Where would we be without meetings? Probably getting more work done but once the number of people you work with reaches a certain number, meetings become necessary. Scheduling a meeting isn’t easy; you have to check and make sure everyone is available, make sure they know when the meeting is, and send out an agenda. If you work with geographically dispersed, remote teams, it’s even harder to manage withÂ different time zones. Outlook isn’t much help with time zones but it does let you send out meeting invites, and see who’s accepted or declined a meeting. Outlook users have the option to automatically accept or reject meeting invites based on their availability.
Outlook can warn you when you have a meeting clash so it stands to reason it knows which of your time slots are free. If you want Outlook to automatically accept and reject meeting invites, you’re going to have to enable the option.
Accept And Reject Meeting Invites
Open Outlook and go to File>Options. On the Options window, select the Calendar tab from the column on the right. Scroll down to the ‘Automatic accept or decline’ section, and click Auto Accept/Decline.
A small window will open with three options; the first will accept meeting requests, the second will decline the ones that conflict with existing invites, and the third will automatically decline meeting requests for recurring meetings.
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You an enable all these options but make sure you maintain your schedule religiously in Calendar. If you have unplanned time set aside for working on something, Calendar will treat it as ‘available’ time and accept meeting requests for it.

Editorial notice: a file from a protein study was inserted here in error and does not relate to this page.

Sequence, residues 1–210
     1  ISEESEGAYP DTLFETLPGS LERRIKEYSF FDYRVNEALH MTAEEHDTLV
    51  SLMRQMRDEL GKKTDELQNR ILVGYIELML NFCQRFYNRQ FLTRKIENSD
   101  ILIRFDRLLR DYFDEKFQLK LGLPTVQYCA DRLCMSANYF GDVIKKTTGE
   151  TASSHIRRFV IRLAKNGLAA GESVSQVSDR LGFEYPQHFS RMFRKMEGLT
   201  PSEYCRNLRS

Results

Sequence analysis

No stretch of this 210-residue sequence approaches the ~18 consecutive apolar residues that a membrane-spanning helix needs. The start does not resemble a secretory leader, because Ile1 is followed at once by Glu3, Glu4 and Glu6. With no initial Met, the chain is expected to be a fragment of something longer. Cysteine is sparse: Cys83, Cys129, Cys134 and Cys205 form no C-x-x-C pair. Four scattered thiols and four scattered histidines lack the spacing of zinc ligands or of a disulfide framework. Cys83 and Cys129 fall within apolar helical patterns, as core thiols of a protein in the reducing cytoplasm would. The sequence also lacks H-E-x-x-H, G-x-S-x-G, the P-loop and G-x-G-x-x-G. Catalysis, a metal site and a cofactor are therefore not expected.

If you don’t feel like filling out every aspect of your work day in the calendar, you should only enable the option to decline meeting requests that clash with other commitments, and to decline recurring meeting requests. You will want to have more control over which invites you accept.
Outlook doesn’t let you set acceptable times or available hours that other people in your organization can see when they invite you to a meeting. If it did, you could use those to automate accepting invites. If you still want to automate accepting meeting invites but can’t be bothered filling in your schedule, add unnamed events in Calendar for the hours that you plan to spend on work. Outlook isn’t going to verify if you’re adding a real event or task so just add anything and make it long enough to cover the time you can’t attend a meeting. This is shoe-horning it a bit but it is the simplest solution there is.